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Adam Maxwell

Research Assistant Professor, Urology






Ultrasonic tweezers: Technology to lift and steer solid objects in a living body

In a recent paper, a CIMU team describes successful experiments to manipulate a solid object within a living body with ultrasound beams transmitted through the skin.

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15 Jul 2020

A collaborative, international research teams developed and tuned an ultrasound transducer to create vortex shaped beams that can trap, grab, levitate, and move in three dimensions mm-scale objects. The team is working to apply this technology to their all-in-one kidney stone treatment system that, in clinical trials, uses ultrasound to non-invasively break, erode, and move stones and stone fragments out of the kidney so that they may pass naturally from the body.

Mechanical Tissue Ablation with Focused Ultrasound

An experimental noninvasive surgery method uses nonlinear ultrasound pulses to liquefy tissue at remote target sites within a small focal region without damaging intervening tissues. A multi-institution, international team led by CIMU researchers is applying the method to the focal treatment of prostate tumors.

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19 Mar 2020

Boiling histotripsy utilizes sequences of millisecond-duration HIFU pulses with high-amplitude shocks that form at the focus by nonlinear propagation effects. Due to strong attenuation of the ultrasound energy at the shocks, these nonlinear waves rapidly heat tissue and generate millimeter-sized boiling bubbles at the focus within each pulse. Then the further interaction of subsequent shocks with the vapor cavity causes tissue disintegration into subcellular debris through the acoustic atomization mechanism.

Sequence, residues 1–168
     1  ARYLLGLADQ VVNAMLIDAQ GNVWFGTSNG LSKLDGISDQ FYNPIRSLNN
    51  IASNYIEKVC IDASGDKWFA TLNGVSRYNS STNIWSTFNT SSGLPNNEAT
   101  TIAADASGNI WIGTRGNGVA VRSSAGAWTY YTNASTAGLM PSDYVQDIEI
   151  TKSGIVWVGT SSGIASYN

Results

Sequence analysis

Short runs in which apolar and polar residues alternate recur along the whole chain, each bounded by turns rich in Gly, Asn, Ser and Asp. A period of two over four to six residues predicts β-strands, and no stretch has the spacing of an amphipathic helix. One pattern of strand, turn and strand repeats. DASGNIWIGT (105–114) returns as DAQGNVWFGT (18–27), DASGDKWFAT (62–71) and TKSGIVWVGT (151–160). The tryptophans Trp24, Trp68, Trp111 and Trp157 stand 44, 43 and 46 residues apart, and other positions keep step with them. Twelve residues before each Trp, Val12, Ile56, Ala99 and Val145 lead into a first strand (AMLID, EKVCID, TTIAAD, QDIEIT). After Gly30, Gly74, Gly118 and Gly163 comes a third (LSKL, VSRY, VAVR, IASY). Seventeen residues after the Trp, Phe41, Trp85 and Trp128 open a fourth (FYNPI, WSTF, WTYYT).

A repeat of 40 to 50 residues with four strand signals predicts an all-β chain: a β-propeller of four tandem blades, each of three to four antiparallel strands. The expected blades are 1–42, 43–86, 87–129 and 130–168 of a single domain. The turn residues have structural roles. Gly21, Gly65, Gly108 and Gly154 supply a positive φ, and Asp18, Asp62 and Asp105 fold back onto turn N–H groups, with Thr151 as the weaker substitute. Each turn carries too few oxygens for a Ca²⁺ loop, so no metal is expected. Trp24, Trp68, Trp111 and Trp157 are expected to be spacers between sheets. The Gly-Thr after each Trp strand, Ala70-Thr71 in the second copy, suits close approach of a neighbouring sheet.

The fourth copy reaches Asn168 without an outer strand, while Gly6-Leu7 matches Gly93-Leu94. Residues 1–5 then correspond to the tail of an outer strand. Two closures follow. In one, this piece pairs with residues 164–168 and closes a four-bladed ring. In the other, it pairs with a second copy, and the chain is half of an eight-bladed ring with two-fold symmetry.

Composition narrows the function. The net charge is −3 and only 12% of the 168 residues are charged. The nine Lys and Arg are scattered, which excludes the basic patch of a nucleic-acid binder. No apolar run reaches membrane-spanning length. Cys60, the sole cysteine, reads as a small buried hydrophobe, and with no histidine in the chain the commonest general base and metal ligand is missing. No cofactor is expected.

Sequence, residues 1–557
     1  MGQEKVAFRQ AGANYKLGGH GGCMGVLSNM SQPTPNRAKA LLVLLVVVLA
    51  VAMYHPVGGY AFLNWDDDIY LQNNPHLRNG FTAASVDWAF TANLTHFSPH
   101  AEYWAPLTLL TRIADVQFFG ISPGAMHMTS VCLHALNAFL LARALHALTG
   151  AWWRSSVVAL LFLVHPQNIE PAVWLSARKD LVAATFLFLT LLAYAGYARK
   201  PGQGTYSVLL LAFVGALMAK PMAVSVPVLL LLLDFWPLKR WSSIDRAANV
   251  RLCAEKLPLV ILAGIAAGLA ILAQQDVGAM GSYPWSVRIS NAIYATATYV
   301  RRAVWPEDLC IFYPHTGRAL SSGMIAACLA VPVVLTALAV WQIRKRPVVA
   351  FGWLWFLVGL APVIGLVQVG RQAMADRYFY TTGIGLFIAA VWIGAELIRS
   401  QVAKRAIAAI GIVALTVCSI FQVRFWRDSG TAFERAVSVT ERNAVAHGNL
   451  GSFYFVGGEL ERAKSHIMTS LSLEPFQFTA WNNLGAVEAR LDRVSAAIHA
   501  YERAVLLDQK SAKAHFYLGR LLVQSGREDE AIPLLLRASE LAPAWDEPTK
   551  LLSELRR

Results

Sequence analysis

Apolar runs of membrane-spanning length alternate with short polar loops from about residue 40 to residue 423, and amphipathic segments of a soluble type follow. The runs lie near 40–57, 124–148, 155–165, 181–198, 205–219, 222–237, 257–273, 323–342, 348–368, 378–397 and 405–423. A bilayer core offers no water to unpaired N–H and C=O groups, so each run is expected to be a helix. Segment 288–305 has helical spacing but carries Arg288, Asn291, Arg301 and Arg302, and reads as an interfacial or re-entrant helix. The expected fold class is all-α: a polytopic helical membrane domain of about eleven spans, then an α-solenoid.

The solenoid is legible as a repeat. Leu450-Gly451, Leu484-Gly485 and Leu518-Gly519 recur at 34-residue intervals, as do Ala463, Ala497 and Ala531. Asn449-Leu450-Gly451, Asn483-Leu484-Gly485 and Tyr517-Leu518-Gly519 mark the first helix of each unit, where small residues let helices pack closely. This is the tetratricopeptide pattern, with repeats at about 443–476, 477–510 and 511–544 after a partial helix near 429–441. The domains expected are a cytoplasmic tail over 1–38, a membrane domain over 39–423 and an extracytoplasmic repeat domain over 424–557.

The method was proposed at APL-UW in collaboration with Moscow State University (Russia) and now is being evaluated for various clinical applications. It has particular promise because of its important clinical advantages: the treatment of tissue volumes can be accelerated while sparing adjacent structures and not injuring intervening tissues; it generates precisely controlled mechanical lesions with sharp margins; the method can be implemented in existing clinical systems; and it can be used with real-time ultrasound imaging for targeting, guidance, and evaluation of outcomes. In addition, compared to thermal ablation, BH may lead to faster resorption of the liquefied lesion contents.

PIXUL: PIXelated ULtrasound Speeds Disease Biomarker Search

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26 Apr 2018

Accurate assessment of chromatin modifications can be used to improve detection and treatment of various diseases. Further, accurate assessment of chromatin modifications can have an important role in designing new drug therapies. This novel technology applies miniature ultrasound transducers to shear chromatin in standard 96-well microplates. PIXUL saves researchers hours of sample preparation time and reduces sample degradation.

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2000-present and while at APL-UW

Development of tough hydrogel phantoms to mimic fibrous tissue for focused ultrasound therapies

Kumar, Y.N., Z. Singh, Y.-N. Wang, G.R. Schade, W. Kreider, M. Bruce, E. Vlaisavljevich, T.D. Khokhlova, and A.D. Maxwell, "Development of tough hydrogel phantoms to mimic fibrous tissue for focused ultrasound therapies," Ultrasound Biol. Med., 48, 1762-1777, doi:10.1016/j.ultrasmedbio.2022.05.002, 2022.